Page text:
2008-07-18 / Columnists

SJEH Wellness Corner

A Vaccine Provides Women With A Medical Breakthrough
Commentary By Jerald Korman, MD Chairman, OB/GYN Department

In June of 2006, the Food and Drug Administration approved a vaccine considered highly effective in preventing infections that are a cause of cervical cancer in women.

This is a very important medical breakthrough, because it is the first vaccine ever against cervical cancer. According to American Cancer Society statistics, nearly 3,700 women die of cervical cancer in the US each year. This vaccine will save women's lives and addresses a major women's health problem.

The vaccine against the human papillomavirus (HPV), a sexually transmitted infection, is highly effective. It provides nearly perfect protection against two strains of HPV that cause 70 percent of cervical cancer cases and two additional strains that are the cause of 90 percent of cases of genital warts.

The Centers for Disease Control and Prevention (CDC), the Advisory Committee on Immunization Practices (ACIP), and American Academy of Pediatrics (AAP) all recommend that the vaccine, Gardasil, be routinely given to girls when they are 11 or 12 years of age. HPV is one of the most common causes of sexually transmitted infection in the world.

At least 20 million people in this country are already infected. At least 50 percent of sexually active people will get HPV at some time in their lives.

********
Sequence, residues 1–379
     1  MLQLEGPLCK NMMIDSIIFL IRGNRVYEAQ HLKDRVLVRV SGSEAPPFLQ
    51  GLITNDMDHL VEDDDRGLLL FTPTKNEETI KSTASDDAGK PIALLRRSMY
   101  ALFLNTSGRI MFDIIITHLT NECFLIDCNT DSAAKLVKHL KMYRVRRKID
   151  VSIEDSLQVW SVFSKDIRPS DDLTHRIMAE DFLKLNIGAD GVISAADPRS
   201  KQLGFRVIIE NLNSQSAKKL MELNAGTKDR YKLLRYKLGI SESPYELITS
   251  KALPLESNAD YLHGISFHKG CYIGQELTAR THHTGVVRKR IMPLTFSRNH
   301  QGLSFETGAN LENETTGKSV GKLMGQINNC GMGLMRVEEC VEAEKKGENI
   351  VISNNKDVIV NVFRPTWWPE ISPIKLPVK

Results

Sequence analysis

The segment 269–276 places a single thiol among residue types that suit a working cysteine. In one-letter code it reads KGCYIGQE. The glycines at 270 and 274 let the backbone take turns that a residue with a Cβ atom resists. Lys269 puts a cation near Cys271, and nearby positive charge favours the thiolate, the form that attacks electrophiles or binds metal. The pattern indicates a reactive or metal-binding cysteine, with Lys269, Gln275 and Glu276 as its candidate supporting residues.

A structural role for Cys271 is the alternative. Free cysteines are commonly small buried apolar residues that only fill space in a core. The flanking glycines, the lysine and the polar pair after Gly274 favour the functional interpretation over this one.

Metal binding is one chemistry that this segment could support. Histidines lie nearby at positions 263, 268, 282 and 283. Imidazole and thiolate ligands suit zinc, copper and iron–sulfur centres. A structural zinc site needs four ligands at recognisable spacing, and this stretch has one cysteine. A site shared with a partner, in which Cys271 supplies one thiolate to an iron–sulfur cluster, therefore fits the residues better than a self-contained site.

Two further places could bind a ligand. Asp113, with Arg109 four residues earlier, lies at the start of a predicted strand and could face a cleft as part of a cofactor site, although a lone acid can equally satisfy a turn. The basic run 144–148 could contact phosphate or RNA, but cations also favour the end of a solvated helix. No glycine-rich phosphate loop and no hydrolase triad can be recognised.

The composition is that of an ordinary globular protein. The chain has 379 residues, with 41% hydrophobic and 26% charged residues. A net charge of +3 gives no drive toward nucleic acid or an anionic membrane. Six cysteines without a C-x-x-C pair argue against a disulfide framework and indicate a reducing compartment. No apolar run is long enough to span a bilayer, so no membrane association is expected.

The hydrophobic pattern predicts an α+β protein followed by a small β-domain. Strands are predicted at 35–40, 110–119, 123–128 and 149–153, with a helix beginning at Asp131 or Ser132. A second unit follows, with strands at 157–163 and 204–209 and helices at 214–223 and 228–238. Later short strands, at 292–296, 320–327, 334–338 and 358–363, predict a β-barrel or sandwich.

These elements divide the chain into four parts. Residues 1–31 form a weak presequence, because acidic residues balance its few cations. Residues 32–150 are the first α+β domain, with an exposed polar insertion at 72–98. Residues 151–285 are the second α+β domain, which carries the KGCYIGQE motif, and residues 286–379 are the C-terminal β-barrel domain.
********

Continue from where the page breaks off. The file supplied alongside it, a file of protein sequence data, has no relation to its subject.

It is most common in young women and men in their late teens and early 20s. Since many people have no symptoms of HPV and do not even know that they are infected, they can pass it on to their sexual partners.

There is no treatment for HPV. But there are treatments for the health problems caused by HPV, such as genital warts, cervical cell changes and cancers caused by HPV. The only known way to prevent getting an HPV infection is to avoid direct skin-to-skin contact.

The vaccine is given in a series of three-doses, completed over six months. Gardasil can be started as early as age nine. The vaccine has been tested in thousands of women (ages nine to 26 years old) around the world. These studies have shown no serious side effects. The most common side effect is brief soreness at the injection site.

The vaccine, manufactured by Merck, may not fully protect everyone and does not prevent all types of cervical cancer, so it is important for women to continue to get screened regularly for cervical cancer. Studies are now being done to determine if the vaccine works to prevent HPV infection and disease in males.

For more information about the HPV vaccine, please contact the Obstetrics/ Gynecology Department at St. John's Episcopal Hospital at 718-869- 7382.

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